"I think they can (make the playoffs)," he told reporters on Monday, including Tom Haudricourt of the Milwaukee Journal-Sentinel. "They've shown it for the last week or so. We've still got I don't know how many games left but I like our chances. We're finding ways to win. This team, for whatever reason, we seem to pull it together and when everything's on the line, we find a way to win.
"It's a big tribute to the guys in the clubhouse. It's not an accident that it happens. There's a lot of good leaders in there. It's about finding a way. Hopefully, we continue to do that."
Losing Yelich, who authored a 40-30 season and was in contention to repeat as NL MVP, was thought to be the final nail in Milwaukee's coffin this season. Instead, the team has lost just once over its six games without him, pulling to within one game of the Cubs for the second NL wild-card spot.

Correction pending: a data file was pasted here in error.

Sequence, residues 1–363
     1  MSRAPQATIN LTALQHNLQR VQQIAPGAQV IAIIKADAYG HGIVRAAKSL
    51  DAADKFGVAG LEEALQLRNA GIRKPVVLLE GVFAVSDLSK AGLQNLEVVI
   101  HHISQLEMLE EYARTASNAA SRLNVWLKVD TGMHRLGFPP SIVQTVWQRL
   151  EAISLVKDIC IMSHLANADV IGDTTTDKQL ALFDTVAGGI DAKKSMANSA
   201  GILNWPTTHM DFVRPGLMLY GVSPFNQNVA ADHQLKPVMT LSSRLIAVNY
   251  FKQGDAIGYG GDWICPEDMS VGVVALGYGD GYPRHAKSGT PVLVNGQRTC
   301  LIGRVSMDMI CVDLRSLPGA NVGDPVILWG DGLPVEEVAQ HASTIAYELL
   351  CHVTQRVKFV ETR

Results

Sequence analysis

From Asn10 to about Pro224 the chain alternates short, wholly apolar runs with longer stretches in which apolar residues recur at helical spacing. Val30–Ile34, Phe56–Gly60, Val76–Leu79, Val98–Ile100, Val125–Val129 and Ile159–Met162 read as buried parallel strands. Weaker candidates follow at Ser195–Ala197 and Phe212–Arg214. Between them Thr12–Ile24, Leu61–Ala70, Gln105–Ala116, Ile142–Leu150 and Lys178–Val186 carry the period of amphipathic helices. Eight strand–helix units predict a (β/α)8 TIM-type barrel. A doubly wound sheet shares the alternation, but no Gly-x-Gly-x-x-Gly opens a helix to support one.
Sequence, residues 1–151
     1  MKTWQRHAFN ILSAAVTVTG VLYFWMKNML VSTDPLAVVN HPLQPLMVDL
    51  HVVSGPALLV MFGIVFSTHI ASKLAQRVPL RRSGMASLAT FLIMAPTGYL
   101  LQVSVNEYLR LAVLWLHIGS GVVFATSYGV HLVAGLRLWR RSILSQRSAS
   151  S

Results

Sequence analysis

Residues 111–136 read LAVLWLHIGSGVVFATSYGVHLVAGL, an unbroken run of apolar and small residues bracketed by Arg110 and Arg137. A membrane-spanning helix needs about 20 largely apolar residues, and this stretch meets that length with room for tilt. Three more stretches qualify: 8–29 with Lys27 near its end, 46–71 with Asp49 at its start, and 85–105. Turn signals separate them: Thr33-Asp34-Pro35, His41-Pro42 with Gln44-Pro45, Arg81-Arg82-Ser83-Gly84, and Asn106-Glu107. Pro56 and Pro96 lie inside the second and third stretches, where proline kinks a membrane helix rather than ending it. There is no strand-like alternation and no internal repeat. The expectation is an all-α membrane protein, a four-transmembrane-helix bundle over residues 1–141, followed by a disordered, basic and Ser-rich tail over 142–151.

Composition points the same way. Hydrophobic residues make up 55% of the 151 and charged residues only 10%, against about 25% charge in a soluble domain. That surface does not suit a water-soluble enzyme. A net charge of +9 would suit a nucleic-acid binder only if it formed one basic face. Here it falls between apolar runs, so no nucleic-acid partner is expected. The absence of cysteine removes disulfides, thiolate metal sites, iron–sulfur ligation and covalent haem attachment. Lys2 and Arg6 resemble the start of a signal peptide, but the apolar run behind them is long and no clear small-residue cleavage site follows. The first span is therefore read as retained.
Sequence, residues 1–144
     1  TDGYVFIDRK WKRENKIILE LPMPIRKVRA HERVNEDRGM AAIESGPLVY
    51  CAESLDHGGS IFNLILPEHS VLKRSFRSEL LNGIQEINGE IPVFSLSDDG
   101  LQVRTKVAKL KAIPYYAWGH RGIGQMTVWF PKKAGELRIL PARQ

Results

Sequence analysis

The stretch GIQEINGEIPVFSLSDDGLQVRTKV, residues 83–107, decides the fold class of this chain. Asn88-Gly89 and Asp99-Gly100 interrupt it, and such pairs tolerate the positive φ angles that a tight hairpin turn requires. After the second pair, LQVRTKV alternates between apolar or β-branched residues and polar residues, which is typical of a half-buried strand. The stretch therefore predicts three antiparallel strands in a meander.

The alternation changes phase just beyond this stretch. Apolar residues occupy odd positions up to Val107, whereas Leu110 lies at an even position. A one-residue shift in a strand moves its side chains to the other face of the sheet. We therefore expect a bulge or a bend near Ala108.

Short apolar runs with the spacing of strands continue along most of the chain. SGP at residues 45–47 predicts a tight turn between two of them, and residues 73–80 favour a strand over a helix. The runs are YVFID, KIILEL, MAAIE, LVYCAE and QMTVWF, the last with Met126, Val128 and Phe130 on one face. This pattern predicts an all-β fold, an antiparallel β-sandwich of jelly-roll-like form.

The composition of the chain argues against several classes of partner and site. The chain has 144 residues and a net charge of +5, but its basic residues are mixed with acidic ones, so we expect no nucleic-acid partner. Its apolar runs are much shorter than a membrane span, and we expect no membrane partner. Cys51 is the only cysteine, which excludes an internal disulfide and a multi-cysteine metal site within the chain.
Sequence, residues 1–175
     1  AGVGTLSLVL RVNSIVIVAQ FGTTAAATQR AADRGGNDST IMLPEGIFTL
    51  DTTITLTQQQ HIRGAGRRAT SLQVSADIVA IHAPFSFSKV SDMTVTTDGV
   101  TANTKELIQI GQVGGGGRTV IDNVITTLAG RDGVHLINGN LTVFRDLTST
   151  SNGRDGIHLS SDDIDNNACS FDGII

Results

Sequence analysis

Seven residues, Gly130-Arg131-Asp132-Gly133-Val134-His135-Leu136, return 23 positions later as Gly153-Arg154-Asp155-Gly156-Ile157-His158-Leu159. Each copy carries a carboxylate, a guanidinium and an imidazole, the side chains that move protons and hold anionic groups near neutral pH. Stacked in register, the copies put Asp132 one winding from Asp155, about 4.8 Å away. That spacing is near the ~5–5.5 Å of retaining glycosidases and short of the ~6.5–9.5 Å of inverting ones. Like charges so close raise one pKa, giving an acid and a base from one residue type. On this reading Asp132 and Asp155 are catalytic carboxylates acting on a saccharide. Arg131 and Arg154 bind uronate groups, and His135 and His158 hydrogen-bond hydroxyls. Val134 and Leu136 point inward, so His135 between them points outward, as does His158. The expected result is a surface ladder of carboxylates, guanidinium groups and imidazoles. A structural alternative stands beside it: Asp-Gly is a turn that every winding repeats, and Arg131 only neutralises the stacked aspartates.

When Yelich laid on the ground after fouling a ball off his knee last week in Miami, the Brewers star was in the worst pain he's ever felt. So he wasn't shocked to learn just a few hours later that he'd fractured his right patella, ending his stellar 2019 season prematurely.
"I could see the X-ray," Yelich said. "You don't need a doctor to tell you it's broken."
But the 27-year-old isn't letting himself feel down now that he's unable to help during the Brewers' playoff push.
"Trust me, I had my pity party that night at the stadium. I felt terrible. I was down in the dumps," he said. "After leaving the stadium and getting going, it's all about being positive and trying to get back. I haven't spent any time with 'Why me? Why this?' It happened.
"I wish I could have an impact on this race, or if we make the playoffs, participate in that. But it's just not going to happen. There's no point in dwelling on it or letting it get you down."